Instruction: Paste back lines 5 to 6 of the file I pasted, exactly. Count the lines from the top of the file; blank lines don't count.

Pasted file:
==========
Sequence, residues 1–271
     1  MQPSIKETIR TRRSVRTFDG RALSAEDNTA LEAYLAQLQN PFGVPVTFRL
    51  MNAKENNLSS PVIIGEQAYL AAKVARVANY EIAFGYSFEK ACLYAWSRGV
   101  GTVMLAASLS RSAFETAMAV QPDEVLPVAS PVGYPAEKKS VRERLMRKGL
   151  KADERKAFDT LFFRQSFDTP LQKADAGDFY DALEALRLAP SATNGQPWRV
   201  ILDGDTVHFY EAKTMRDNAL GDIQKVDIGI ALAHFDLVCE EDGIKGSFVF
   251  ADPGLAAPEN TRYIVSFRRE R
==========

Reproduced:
   151  KADERKAFDT LFFRQSFDTP LQKADAGDFY DALEALRLAP SATNGQPWRV
   201  ILDGDTVHFY EAKTMRDNAL GDIQKVDIGI ALAHFDLVCE EDGIKGSFVF